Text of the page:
Lory Brager was laid off seven months ago as a human resources manager for a large Idaho company when it reorganized. It was the second time she had been laid off due to the economy.
“The first time this happened to me in 2009, I felt so humiliated,” Lory said. “That feeling held me back from doing what had to be done. It was just as painful this time, but I made up my mind to do things differently. This time I was not going to feel like a victim.”
Lory immediately took all of the job search classes available in her area. She targeted her resume for each position for which she applied. Each cover letter was written as a ‘value proposition,’ indicating what she could do for the company.
“I treated searching for work like a full-time job. I also took free online computer classes. As I mastered additional software, I had one more skill to place on my resume,” Lory said. Constant activity helped stave off depression and the feeling of helplessness.
“I learned all about LinkedIn and created my own profile. I was then able to network and search for work through LinkedIn,” Lory said.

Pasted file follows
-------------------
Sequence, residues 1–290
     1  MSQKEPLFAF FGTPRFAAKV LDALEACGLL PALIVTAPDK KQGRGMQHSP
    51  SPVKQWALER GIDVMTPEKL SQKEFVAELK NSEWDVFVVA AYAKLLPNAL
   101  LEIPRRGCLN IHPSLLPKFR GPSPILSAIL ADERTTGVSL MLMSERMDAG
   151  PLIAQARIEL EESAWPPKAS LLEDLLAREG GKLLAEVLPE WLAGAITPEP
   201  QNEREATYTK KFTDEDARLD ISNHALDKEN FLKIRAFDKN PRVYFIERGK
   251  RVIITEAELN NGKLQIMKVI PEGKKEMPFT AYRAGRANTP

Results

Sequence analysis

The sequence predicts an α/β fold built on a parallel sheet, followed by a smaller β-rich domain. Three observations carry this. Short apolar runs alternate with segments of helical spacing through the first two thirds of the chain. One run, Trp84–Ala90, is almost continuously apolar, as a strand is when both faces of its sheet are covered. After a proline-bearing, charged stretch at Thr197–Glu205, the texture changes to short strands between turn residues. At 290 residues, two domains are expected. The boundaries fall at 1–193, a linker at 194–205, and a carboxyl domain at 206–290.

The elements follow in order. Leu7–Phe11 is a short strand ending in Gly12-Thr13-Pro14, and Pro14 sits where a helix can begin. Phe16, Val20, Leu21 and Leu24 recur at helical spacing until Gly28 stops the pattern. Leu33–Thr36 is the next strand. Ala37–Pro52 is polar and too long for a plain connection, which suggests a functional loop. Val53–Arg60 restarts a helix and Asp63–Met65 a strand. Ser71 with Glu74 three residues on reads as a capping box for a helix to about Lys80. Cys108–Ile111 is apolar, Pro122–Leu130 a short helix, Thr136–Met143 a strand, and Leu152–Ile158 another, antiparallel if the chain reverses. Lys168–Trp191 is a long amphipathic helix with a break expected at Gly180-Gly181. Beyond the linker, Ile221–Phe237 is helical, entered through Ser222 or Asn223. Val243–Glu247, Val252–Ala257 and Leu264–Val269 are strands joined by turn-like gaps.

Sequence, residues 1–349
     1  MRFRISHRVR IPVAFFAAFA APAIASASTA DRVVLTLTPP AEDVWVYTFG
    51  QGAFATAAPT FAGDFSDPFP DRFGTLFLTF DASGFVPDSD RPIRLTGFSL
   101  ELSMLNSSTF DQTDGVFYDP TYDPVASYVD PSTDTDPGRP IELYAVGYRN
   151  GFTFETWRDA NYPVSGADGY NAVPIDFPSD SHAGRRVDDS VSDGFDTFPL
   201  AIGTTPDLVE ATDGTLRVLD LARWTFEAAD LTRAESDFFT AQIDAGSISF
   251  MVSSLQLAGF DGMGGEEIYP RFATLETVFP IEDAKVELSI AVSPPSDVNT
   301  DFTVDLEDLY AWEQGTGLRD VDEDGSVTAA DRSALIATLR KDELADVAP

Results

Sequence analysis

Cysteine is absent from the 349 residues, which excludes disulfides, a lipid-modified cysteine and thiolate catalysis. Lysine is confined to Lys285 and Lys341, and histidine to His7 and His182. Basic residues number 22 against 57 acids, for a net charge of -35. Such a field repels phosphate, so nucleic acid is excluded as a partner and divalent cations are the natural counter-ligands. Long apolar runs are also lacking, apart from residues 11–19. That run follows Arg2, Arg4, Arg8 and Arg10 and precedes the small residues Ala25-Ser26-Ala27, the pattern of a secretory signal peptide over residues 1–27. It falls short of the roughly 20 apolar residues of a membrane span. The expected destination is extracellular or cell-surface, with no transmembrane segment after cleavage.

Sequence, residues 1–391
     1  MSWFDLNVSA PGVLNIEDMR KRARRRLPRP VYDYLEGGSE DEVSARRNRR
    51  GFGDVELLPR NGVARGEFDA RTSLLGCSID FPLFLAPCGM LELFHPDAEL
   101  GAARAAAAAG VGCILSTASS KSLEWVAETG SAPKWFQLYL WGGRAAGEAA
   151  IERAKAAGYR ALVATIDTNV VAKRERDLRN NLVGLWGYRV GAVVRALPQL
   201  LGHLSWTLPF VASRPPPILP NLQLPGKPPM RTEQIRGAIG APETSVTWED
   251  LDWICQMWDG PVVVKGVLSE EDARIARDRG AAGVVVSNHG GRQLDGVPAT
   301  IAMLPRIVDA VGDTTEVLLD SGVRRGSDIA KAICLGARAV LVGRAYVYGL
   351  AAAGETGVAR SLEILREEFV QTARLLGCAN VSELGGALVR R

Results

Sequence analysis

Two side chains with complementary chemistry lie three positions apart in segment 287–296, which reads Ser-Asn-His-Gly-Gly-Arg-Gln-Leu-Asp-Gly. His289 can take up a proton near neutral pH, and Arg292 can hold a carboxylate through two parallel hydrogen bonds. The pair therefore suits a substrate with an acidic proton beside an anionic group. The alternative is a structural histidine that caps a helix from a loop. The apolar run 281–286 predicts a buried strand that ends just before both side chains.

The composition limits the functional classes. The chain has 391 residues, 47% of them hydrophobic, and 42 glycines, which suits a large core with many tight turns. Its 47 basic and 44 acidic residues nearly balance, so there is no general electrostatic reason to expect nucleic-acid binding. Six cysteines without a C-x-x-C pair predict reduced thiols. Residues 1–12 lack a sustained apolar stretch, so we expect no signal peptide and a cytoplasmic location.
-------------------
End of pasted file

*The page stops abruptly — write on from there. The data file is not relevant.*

She also networked with everyone with whom she came in contact. And by sharing resources or articles about the topic of their conversations, she was able to stand out with those connections.
Lory had business cards made through Vistaprint online for a small fee. She said handing out a card was easier than using a resume to network with contacts.
She also did some of the things that were uncomfortable for her, like cold calling and preparing and using her 60-second commercial so she could easily answer the question “tell me about yourself.” And she practiced interviewing.
After three interviews with a successful legal firm in Spokane, Lory was hired as the director of human resources. She went into the interviews with the self-confidence that the company was making the best decision by hiring her.
Lory emphasized how important it was to send a professional thank you note to each person who interviewed her.
What does Lory think made the difference in getting a job? “Perseverance, optimism and professionalism.”
— Vicki Kunz, workforce consultant,